By this time I am sure you have heard the news, Detroit’s census count for 2010 is down to 713,777. That is a drop of 25% from 2000, and the cities population has not been this low since 1910. Most undoubtedly every mention of this story is bad news, however is that really the case? We all know that it is very dangerous for Detroit to continue on this path of huge losses.
The reality of the situation is that until urban policies are changed in the state of Michigan, Detroit will have a hard time stemming the tide. To clarify the type of change I am talking about is not fiscal managers, huge business tax cuts, and cutting historic tax credits. Instead, the change must bring the cost of development in green fields in line with that of working in developed areas. There must be a larger regional and state land use plan that does not allow the continued sprawling of stagnant metropolitan areas all across the state. Finally it is a plan that must take into account the harms that have been done to the urban environment over the last half a century. Without any of these actions the numbers are sad, but will not change.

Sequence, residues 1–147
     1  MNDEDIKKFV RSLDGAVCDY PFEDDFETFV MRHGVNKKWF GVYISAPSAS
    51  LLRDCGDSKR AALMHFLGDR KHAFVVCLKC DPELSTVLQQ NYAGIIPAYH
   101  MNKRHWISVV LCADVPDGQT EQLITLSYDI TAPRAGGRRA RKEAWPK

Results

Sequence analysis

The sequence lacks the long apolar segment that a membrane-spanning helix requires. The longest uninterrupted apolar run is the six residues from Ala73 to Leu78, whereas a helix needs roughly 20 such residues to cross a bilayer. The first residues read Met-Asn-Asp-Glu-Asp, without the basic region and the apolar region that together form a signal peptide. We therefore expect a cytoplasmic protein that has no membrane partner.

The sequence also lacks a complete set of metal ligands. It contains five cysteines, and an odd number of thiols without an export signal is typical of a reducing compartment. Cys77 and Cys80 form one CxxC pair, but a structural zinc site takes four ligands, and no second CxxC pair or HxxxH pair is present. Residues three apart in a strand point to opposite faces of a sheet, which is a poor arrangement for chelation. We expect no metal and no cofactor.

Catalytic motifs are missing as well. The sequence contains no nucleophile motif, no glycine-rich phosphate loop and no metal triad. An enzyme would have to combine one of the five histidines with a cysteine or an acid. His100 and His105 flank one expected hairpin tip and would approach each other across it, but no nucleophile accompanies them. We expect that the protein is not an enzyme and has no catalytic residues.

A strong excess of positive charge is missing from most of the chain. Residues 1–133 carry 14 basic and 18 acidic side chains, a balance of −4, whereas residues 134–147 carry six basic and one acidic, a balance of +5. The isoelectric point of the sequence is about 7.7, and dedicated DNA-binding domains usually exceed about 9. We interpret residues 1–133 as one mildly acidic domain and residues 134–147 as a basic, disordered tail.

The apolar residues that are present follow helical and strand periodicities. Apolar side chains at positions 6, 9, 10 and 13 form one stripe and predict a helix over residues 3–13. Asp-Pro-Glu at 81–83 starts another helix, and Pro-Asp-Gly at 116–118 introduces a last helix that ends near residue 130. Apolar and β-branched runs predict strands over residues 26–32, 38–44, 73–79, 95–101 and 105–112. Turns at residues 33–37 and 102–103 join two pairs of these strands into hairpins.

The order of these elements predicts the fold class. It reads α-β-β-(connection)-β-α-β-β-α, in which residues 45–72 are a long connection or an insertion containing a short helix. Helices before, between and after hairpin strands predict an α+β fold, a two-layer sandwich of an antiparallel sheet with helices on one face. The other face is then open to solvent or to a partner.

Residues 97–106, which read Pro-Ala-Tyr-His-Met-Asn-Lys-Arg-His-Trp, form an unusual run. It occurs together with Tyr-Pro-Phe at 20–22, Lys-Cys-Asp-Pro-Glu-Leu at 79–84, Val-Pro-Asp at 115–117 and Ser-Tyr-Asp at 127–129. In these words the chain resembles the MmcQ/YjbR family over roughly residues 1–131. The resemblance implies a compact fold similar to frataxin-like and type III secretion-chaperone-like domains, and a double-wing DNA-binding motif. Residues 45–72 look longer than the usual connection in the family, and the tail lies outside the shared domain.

In case you have been under a rock, or trapped in studio doing work, which is increasingly likely here is a round up of some other newly released census data, and opinion pieces on what 713,777 means.
Census map showing loses and growth by county in Michigan.
Editorial: A smaller, stronger Detroit.
Analysis by Crain’s Detroit
A statement from Declare Detroit